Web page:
What Are Some of the Best Jobs for People With Bipolar Disorder?
Many of us who have been diagnosed with bipolar disorder have difficulty maintaining gainful employment. After all, having this illness is a full-time job by itself – one that requires medication, therapy, and regular doctor appointments.
Medication side effects, mood swings, low energy, mental confusion, and social anxiety can make it challenging to perform in a traditional job setting. Plus, bipolar disorder causes an emotional and mental instability that is not well-received in corporate America. The culture is just too unforgiving of “people like us.”
One of the greatest struggles I have seen among those of us who have bipolar disorder is managing the illness while still making ends meet.
Many of us are on disability, but let’s be honest – it’s not enough to live on. Others do not qualify and find themselves unable to sustain a job for any continued length of time.
Whatever your situation may be, chances are you are under constant financial stress if you can’t keep a job – which only makes symptoms worse. This makes it even more impossible to work. It can become a vicious cycle.
If you have stable employment at a job you enjoy; one that pays you well and takes good care of you – bravo! If not, I want to share with you my top five best jobs for people with bipolar disorder.
Of course, this is one of my favorite jobs for people with bipolar disorder. I am living the dream as a professional writer, and I love to encourage people to pursue this profession.
Writing is my passion, and I love what I do. I focus my work on writing about mental health and addiction. I enjoy connecting with organizations who need my services. Also, I have found a niche where I can share my experience, strength, and hope with others who are seeking solutions to mental health issues. Honestly, I consider this a true blessing.
I work from home, I set my hours, and I am my own boss. Being self-employed gives direction. Helping others gives me purpose. Plus, it is a great confidence builder to know that I can be fully self-supporting using nothing more than my own bipolar brain. It also gives me control. When I have a depressive episode, I can take time off that I need to take care of myself without worrying about what the boss will think. I am the boss!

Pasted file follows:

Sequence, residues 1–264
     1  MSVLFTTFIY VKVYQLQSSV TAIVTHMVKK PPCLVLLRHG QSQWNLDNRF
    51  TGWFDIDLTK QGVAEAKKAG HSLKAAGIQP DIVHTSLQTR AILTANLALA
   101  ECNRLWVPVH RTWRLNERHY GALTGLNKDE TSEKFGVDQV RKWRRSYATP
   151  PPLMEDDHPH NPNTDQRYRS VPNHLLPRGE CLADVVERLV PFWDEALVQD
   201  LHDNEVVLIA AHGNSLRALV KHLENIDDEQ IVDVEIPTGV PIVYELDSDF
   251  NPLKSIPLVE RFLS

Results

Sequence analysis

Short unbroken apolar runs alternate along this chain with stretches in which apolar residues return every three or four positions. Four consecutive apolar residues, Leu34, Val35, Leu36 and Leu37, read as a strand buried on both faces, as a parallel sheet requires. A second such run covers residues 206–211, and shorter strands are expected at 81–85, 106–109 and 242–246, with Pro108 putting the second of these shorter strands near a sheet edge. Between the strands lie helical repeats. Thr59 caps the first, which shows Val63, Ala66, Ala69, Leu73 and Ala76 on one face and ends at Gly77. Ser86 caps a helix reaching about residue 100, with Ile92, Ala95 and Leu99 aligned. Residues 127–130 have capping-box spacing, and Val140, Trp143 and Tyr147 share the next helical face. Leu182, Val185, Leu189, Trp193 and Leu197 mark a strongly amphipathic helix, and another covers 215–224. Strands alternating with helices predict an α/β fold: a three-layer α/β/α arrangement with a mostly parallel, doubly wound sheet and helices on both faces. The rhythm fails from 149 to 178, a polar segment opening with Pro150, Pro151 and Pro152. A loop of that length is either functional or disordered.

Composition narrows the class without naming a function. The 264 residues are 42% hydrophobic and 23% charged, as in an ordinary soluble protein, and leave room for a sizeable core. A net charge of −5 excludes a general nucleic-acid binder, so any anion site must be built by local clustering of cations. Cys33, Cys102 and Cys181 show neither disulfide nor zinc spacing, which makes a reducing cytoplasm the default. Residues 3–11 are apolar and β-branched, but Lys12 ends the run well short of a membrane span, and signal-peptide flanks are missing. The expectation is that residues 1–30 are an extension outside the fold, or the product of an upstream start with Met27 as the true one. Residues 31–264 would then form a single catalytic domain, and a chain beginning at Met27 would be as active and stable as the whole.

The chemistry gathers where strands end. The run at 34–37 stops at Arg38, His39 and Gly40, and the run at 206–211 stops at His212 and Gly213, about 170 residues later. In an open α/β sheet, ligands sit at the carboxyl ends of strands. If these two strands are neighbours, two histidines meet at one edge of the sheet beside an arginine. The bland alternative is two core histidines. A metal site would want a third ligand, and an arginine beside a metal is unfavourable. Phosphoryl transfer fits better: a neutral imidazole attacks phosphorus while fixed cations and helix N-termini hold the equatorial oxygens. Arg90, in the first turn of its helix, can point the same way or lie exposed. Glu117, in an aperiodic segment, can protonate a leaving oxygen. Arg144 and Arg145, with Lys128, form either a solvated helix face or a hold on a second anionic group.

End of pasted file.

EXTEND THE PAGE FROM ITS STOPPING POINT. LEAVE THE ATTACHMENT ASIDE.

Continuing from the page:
Do you love to write? If so, there are plenty of opportunities out there for you to write from home. All you need is a scoop of talent with a side of motivation. There are thousands of jobs available for writers on any topic you can imagine.
Just think about it. Everything you read on the internet – from woodworking to internet marketing to gardening, parenting, scrapbooking, cooking, and yoga (and everything in between!) – is written by someone. Many of these someones are freelance writers. You could be one too!
Entrepreneur Selling Products
There are tons of perks for running your own business. (I have already named a few). Believe me, when I tell you – there are plenty of business opportunities out there to make good money without working a full-time job. (I know because I have done many of them and made a good income in the process.)
For example, most of us who have bipolar disorder are creative geniuses. There is something about our illness that gives us a unique ability to create beautiful paintings, amazing crafts, stunning sculptures, and other unique works of art.
You can make your own products and sell them at local markets or online on sites like Etsy. In addition to art; you can make soaps, banana bread, jellies, candles or whatever your heart desires.
Next page: More jobs for people with bipolar worth checking out.
Peer Support Specialist
I think being a peer support specialist is one of the coolest and most rewarding jobs you can have when you have bipolar disorder. A peer support specialist is someone who is living with a mental illness and offers support to other people with mental health issues.